Rhetorical Analysis Of Martin Luther King's A Dream Speech

752 Words4 Pages
Although King forwent the life of a scholar by remaining at Dexter Street Baptist Church in Montgomery, Alabama (where he did not have the opportunity to teach), his studies at Morehouse, Crozer, and Boston University provided meat for his speeches, guided his decisions, and provided him with a means to relate to whites. His sermons and writings often alluded to both the scripture and the secular philosophy he had read. He constantly "universalized" the struggle for civil rights for African Americans by relating it to other historical events he had analyzed. He created an impression of great authority by employing artful rhetorical structures, and by filling those structures with references to great names and great ideas with which he had come…show more content…
In speeches, he borrowed the language of Thomas Jefferson and Abraham Lincoln, as well as that of the New Testament of the Bible. He talked about freedom in the conventional American sense of the word. Whenever he could, he violated racist local laws by referring to the federal laws with which they were at odds; he had far more qualms about disobeying a federal injunction than a state injunction. In his "I Have A Dream" speech, he presented America as a wasted opportunity, but not as an evil thing itself. After the Civil Rights Act of 1964 and the Voting Rights Act of 1965 had passed, however, his view of the situation changed. Between racial tensions in the Northern ghettos, which the new legislation had done nothing to dispel, and the escalation of the Vietnam War, which seemed a conflict of capitalists against peasants, King began to believe that America's problems ran deeper than Jim Crow laws. He began to see social problems as rooted in economic iniquities. The whole system needed to be changed: the campaign that King was planning in the days before his assassination was a Poor People's March, in which the downtrodden, regardless of race, would unite and demand a redistribution of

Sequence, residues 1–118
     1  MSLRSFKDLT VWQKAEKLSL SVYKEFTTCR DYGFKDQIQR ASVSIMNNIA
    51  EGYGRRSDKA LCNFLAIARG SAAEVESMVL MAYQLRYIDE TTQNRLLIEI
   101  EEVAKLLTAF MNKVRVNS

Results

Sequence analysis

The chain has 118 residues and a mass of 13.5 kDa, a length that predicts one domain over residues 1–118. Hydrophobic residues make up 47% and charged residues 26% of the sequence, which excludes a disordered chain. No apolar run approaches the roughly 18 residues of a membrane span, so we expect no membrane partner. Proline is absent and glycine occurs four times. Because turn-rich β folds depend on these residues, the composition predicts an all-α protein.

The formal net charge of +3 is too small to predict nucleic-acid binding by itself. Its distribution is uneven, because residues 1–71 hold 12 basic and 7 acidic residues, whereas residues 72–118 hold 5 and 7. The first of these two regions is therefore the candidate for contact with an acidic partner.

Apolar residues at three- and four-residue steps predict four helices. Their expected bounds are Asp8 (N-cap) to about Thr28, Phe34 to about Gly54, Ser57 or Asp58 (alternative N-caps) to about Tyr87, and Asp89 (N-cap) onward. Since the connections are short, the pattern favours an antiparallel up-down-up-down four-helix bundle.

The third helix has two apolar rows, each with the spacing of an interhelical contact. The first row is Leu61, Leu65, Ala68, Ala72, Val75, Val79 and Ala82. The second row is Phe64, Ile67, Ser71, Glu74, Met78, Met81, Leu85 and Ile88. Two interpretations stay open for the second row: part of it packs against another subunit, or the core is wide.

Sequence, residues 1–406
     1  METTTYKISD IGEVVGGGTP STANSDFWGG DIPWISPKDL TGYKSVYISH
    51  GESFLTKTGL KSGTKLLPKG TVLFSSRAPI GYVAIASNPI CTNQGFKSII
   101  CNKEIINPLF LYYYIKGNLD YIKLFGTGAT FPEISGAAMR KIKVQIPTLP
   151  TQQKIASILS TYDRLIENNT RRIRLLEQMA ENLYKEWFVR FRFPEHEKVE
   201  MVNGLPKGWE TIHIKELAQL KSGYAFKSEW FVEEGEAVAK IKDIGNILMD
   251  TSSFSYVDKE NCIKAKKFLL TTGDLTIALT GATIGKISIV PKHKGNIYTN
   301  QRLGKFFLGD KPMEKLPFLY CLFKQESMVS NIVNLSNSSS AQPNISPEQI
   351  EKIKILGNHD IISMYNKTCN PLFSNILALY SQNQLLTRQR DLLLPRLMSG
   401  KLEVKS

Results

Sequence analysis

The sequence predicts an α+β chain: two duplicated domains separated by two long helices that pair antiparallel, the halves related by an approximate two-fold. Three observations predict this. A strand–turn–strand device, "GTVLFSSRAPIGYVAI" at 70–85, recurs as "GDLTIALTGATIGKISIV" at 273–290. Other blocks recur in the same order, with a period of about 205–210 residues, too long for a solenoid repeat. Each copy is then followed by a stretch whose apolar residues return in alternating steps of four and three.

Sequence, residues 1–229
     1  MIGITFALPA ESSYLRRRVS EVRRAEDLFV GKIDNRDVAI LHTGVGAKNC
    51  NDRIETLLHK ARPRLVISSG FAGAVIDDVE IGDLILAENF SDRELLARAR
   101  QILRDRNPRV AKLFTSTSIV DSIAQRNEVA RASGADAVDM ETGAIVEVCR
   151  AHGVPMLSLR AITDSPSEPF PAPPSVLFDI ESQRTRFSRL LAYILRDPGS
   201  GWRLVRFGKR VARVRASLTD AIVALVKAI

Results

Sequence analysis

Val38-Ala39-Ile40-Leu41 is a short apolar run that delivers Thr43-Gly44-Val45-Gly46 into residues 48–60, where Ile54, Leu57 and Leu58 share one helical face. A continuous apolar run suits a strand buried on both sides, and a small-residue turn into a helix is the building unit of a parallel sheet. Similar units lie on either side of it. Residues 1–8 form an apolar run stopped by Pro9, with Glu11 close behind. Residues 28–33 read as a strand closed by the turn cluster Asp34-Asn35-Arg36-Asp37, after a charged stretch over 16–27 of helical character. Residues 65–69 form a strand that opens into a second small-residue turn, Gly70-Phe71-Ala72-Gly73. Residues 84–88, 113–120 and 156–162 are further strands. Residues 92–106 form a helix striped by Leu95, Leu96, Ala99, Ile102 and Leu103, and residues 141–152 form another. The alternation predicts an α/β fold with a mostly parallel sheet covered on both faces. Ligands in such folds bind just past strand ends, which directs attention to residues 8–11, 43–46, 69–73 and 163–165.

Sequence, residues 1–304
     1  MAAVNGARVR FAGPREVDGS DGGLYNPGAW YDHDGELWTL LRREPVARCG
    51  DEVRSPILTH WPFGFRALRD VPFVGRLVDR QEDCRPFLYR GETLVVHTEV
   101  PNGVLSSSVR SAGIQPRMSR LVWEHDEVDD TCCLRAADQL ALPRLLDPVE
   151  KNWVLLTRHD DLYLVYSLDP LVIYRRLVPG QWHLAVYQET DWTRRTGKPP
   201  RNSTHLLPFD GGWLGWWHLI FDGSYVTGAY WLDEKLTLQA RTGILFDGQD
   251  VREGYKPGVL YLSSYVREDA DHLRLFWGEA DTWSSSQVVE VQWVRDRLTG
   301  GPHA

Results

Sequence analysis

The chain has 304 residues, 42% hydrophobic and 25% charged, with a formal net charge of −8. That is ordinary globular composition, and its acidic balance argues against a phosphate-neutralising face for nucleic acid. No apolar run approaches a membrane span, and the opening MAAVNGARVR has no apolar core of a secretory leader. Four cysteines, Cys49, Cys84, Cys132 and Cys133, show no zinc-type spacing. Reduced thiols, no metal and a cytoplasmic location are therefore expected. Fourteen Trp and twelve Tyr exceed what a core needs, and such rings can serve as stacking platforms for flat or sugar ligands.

Open Document